Lies of Locke Lamora by Scott Lynch

11 Nov 2016 by Chris Woodall

Lies of Locke Lamora by Scott Lynch

The Lies of Locke Lamora by Scott Lynch is an engaging fantasy novel set in the city-state of Camorr, which is inspired by Venice. Locke is a leader of a gang called the Gentleman Bastards who steal from the nobility and other marks using elaborate confidence schemes. The novel spends a lot of time uncovering the history of the Gentleman Bastards, and delving into the underground of Camorr. This is presented in an engaging manor, but my favorite part of the novel is the way in which Scott Lynch constructs the world Locke operates in. At no point does it feel unnatural. Since, Locke has to have a deep understanding of the world around him the world naturally materializes around him to provide ammo for his impressive heists. The human civilization of Camorr is built on top of a long gone alien civilization, which had a much higher level of technology (and maybe magic). It subtly sits in the background, but begs the question: When we fade will a new civilization use what we have left behind for their infrastructure? History seems to point to yes, if it is still usable and someone understands how to use it. It is easier to adapt what is present and use it as a natural resource than to tear it down. And those who can use the technology become the priests, witchdoctors and magicians of a new world… Treating what those long gone took for granted as gods.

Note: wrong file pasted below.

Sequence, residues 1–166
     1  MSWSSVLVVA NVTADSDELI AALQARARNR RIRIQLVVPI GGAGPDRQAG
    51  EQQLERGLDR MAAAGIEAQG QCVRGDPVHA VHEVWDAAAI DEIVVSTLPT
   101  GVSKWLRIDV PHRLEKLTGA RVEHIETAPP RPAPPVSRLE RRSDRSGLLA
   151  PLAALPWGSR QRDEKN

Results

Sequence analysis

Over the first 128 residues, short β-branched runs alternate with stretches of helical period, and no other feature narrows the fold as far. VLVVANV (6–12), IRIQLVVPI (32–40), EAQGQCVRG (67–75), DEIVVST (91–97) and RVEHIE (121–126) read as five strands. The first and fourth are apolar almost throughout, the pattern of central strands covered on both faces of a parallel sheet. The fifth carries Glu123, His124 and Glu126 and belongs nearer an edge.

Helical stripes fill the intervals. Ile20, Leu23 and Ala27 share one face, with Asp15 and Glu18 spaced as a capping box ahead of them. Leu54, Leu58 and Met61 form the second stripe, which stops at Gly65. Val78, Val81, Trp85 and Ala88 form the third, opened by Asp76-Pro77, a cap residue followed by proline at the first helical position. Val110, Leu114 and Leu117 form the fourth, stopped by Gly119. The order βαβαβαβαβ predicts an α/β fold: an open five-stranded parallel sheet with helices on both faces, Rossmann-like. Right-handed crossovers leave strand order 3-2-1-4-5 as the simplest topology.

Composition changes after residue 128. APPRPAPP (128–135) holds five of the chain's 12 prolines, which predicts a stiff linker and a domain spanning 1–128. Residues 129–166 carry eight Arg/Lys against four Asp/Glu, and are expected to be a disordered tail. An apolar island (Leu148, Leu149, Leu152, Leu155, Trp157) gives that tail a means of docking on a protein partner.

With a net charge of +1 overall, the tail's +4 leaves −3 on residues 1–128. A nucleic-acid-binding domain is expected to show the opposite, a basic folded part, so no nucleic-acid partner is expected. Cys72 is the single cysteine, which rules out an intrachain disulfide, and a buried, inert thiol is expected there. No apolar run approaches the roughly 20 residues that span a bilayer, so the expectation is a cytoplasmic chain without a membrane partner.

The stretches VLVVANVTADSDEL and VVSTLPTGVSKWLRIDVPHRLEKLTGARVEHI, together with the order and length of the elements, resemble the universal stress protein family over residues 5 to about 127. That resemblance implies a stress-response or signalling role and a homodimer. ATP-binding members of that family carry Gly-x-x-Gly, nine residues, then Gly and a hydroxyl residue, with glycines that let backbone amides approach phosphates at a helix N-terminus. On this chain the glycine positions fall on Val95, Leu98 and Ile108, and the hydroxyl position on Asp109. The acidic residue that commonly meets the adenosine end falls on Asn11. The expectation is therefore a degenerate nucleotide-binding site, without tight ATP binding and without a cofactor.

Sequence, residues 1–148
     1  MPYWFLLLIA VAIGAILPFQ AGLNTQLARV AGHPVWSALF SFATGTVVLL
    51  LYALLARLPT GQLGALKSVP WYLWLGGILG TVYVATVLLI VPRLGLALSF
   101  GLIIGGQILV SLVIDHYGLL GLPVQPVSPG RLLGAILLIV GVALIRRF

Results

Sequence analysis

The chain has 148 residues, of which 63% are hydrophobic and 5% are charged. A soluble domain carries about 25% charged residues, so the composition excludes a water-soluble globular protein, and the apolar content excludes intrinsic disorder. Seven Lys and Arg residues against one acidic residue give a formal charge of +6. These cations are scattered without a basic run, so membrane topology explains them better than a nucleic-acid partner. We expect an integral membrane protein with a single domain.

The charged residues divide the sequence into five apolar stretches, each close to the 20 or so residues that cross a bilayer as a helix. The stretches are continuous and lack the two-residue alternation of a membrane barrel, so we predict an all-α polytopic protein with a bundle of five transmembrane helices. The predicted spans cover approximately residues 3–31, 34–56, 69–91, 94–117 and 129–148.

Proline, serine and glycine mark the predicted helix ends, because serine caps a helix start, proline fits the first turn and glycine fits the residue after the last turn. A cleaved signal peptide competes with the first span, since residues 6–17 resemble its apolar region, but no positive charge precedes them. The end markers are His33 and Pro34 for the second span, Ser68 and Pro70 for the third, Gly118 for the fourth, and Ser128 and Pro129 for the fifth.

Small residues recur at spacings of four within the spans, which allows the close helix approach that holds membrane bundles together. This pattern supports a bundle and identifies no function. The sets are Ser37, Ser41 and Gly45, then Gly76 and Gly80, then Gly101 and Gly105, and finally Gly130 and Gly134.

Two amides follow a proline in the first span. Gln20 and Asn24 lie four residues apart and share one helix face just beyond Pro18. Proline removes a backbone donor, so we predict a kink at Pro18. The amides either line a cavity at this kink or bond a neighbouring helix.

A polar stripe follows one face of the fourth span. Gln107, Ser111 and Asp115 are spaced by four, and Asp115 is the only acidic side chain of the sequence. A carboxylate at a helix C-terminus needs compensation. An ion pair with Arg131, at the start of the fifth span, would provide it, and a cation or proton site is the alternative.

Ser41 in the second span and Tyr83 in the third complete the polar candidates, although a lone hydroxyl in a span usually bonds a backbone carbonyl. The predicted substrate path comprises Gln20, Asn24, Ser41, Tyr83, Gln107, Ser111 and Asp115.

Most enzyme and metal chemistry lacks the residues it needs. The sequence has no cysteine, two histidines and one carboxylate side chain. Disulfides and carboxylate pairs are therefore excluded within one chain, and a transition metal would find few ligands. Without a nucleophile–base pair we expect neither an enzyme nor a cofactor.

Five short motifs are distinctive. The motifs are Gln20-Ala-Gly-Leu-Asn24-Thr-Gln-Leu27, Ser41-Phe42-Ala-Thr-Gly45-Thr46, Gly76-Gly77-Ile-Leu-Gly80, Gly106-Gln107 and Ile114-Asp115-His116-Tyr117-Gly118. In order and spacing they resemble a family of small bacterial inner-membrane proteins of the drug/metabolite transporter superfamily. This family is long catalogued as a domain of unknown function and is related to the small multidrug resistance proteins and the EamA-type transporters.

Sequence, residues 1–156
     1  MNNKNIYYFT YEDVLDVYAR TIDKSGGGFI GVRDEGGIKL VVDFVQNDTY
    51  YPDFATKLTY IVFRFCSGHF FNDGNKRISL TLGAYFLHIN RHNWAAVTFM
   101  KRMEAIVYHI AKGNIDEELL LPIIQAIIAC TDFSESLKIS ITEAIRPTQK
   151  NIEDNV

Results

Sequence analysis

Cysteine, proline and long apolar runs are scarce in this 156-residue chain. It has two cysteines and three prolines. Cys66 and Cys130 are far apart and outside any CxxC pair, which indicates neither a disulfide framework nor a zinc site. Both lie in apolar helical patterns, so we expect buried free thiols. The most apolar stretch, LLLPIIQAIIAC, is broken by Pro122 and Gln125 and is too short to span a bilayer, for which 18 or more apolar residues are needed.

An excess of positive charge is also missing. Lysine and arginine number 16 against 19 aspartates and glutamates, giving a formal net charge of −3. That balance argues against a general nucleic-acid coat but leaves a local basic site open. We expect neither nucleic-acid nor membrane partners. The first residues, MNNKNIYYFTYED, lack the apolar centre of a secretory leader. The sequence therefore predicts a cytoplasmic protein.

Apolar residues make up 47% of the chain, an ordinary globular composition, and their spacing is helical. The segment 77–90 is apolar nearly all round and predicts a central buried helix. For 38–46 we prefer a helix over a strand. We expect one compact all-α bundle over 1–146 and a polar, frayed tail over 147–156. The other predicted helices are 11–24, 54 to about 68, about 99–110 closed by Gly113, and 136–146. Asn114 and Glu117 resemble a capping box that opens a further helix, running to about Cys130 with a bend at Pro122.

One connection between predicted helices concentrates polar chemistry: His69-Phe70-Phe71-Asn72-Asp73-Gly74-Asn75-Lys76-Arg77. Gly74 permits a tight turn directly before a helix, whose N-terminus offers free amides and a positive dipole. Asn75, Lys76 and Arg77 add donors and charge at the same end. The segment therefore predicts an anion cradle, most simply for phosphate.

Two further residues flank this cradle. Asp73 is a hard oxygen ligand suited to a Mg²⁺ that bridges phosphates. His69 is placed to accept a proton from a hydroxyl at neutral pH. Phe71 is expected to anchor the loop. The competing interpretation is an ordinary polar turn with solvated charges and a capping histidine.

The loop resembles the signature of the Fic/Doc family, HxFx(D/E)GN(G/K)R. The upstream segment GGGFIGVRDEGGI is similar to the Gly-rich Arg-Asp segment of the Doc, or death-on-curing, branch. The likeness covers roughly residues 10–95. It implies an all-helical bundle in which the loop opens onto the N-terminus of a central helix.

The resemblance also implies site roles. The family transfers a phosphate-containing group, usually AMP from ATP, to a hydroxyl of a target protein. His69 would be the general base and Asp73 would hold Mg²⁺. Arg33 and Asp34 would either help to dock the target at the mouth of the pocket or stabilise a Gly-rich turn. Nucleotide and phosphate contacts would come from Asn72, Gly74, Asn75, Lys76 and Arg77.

Despite the awesome world building, fun dialog and nail biting plot the novel can feel like a Dungeons and Dragons campaign at points. Certain events and encounters feel like they are triggered by status effects, or dice rolls rather than the narrative. This never makes the story feel forced, but sometimes it feels like you are on a side-quest/or a search for a magic potion. There are also a few encounters which just feel weak and are not well worked into the story. The Lies of Locke Lamora is a fun and enjoyable fantasy book with awesome world building, and for that alone I think it is worth while if you want a fun and interesting fantasy novel.